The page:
From Fukushima to Monju

Suddenly the world is a awash in eminent nuclear disaster.


Either that or we’re finally just beginning to wake up to how fragile this technology really is.

I do find it difficult to believe that Japan would actually be trying to bring it’s fast breeder reactor back online after Fukushima.

Arnie Gundersen on Fukushima: Be Prepared to Leave

Yesterday Chris Martenson posted an excellent interview he conducted with Arnie Gundersen of Fairwinds Associates.

Chris Martenson Interviews Arnie Gundersen on Fukushima

In it Arnie warns:

I have said it’s worse than Chernobyl and I’ll stand by that. There was an enormous amount of radiation given out in the first two to three weeks of the event. And add the wind and blowing in-land. It could very well have brought the nation of Japan to its knees. I mean, there is so much contamination that luckily wound up in the Pacific Ocean as compared to across the nation of Japan – it could have cut Japan in half. But now the winds have turned, so they are heading to the south toward Tokyo and now my concern and my advice to friends that if there is a severe aftershock and the Unit 4 building collapses, leave.

Emphasis mine.

Half-way in to part one of the interview Arnie reminds us of the Sumatra quake:

…let’s say there is a severe aftershock, Unit 3 and Unit 4 are in real jeopardy. And if you remember the Sumatra earthquake, that was a nine plus about three or four years ago. The biggest aftershock occurred three months afterwards and that was an eight six, so aftershocks even though we are two months into this, if the Sumatra event is any indication, aftershocks are still possible.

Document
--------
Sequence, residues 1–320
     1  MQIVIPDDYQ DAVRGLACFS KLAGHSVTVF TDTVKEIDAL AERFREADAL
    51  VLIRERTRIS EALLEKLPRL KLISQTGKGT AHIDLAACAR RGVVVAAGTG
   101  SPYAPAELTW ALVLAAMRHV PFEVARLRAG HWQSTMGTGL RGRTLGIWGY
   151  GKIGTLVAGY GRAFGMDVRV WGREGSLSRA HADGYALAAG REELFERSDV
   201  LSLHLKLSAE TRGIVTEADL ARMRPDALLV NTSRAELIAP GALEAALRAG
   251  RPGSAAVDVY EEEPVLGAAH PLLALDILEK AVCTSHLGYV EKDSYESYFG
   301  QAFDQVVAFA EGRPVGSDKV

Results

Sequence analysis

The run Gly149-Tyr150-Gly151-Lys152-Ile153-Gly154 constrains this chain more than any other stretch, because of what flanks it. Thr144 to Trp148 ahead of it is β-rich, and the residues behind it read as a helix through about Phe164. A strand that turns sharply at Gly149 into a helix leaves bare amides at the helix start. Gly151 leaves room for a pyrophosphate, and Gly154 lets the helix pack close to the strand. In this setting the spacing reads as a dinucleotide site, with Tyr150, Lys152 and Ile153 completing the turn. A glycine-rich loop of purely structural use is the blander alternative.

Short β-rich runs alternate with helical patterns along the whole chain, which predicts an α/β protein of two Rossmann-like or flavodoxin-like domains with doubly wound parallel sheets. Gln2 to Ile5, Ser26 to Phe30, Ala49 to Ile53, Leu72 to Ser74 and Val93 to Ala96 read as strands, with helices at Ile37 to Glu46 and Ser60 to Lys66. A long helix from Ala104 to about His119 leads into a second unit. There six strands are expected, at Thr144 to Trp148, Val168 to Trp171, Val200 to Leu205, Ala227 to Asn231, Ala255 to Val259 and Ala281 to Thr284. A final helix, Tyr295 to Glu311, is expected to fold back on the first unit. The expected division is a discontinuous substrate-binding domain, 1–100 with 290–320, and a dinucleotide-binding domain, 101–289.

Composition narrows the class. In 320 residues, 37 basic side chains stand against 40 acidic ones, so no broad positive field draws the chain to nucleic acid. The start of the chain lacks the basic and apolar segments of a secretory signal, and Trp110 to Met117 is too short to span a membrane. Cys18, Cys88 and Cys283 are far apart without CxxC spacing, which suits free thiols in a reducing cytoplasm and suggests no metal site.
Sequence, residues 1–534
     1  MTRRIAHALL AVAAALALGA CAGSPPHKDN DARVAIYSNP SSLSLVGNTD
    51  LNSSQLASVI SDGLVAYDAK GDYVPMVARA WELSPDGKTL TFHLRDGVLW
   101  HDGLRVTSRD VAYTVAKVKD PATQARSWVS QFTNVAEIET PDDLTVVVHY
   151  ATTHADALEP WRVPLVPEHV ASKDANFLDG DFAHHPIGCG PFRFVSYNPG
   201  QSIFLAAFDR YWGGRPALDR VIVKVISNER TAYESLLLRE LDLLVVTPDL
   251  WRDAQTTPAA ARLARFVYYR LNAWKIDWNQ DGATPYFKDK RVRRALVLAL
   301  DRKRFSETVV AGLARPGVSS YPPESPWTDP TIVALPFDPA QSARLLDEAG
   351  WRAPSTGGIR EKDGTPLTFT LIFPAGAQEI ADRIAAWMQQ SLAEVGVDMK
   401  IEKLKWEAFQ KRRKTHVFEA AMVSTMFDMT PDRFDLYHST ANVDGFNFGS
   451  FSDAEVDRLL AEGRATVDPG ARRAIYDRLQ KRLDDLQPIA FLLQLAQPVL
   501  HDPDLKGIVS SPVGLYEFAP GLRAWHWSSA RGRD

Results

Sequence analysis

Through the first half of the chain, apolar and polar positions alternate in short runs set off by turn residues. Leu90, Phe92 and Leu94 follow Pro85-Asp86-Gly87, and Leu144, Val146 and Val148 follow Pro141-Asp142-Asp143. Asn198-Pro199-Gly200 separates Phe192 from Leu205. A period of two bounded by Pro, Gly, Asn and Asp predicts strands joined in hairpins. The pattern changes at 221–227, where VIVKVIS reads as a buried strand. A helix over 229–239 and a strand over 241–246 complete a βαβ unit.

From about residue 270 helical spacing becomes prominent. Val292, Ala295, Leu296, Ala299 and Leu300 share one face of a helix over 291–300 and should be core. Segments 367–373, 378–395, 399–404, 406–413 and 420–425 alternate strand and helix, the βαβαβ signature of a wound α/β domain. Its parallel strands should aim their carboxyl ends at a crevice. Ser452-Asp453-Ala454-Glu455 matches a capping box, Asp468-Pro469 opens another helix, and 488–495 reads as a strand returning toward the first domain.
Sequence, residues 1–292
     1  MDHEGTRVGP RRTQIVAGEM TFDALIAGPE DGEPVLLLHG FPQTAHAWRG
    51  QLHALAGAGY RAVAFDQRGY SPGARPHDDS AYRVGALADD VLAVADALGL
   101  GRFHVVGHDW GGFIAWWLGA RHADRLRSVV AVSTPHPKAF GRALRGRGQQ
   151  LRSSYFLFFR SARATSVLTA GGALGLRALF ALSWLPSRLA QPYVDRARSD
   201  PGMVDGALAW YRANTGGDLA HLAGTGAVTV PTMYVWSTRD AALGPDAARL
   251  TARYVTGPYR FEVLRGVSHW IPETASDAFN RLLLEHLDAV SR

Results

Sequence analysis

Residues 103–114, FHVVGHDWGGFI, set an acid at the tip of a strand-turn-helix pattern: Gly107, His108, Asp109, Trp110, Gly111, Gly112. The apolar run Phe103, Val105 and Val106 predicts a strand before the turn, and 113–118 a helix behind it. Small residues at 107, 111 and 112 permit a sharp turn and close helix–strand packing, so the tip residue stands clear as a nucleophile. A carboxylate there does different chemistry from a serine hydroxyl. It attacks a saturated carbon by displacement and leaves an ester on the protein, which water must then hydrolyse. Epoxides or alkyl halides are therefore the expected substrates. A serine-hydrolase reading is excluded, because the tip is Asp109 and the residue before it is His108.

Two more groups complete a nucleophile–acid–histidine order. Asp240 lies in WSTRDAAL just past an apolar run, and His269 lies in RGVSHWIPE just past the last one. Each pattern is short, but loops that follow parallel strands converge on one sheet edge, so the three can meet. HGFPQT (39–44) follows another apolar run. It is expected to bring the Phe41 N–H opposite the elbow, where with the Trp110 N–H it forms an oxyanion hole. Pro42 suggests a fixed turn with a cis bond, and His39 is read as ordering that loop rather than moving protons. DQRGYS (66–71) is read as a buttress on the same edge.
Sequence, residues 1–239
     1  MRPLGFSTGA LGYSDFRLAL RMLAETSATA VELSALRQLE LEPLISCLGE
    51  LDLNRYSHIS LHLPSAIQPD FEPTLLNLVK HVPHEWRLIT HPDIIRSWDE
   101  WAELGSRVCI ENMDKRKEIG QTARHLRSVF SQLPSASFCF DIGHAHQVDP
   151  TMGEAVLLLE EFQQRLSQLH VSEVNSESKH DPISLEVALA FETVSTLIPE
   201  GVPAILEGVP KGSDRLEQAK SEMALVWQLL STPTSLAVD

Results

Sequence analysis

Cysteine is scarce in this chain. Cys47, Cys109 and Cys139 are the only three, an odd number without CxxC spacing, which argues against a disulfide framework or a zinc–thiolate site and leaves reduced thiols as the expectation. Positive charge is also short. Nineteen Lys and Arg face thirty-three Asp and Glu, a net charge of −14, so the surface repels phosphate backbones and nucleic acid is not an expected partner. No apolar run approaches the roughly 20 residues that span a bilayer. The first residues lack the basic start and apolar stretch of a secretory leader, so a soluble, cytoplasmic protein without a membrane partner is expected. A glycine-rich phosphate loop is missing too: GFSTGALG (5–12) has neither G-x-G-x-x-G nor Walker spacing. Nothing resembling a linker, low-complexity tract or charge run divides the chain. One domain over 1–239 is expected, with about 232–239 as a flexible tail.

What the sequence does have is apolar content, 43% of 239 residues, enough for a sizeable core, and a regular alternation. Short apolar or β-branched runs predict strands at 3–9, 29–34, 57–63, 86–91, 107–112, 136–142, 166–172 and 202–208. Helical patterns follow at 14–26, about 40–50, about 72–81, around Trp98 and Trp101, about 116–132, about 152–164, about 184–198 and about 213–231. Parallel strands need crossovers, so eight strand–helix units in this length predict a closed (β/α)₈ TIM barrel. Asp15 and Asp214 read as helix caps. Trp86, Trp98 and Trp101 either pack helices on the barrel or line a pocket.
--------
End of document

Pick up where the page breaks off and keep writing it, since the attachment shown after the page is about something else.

And what a severe aftershock could mean:

Brookhaven National Labs did a study in 1997 and it said that if a fuel pool went dry and caught on fire, it could cause a hundred and eighty-seven thousand fatalities. So it’s a big concern and probably the biggest concern. I now the Chairman of the NRC said that the reason he told Americans to get out from fifty miles out was that he was afraid that Unit 4 would catch fire, that exposed fuel pool would volatilize plutonium, uranium, cesium, and strontium. And if the Brookhaven Study is to be believed could kill more than a hundred thousand people, as a result.

We are well beyond where any science has ever gone at that point and nuclear fuel lying on the ground and getting hot is not a condition that anyone has ever analyzed.

The wind is going to push it south this time and so the issue is not the total radiation you might measure with a Geiger counter in your hand, but hot particles.

In other words, if there is an aftershock big enough to wreak further havoc — and it’s only been two months since the tsunami — such that the completely uncontained Unit 4 were to catch fire or worse, with the winds now blowing south towards Tokyo there is the potential for wide-scale long-term illness at a level for which the human race has no benchmark.

If you are in Tokyo, be aware that extremely radioactive car filters are being discovered. (It turns out that car filters are an excellent tool for trapping and detecting radiation in a given area.) These filters are picking up “hot particles”; not radiation in wave form as we typically think of it. This is radioactive particulate matter released by the previous detonations at Fukushima. Fallout.

If ingested, these particles can be devastating to long-term health.

Media Blackout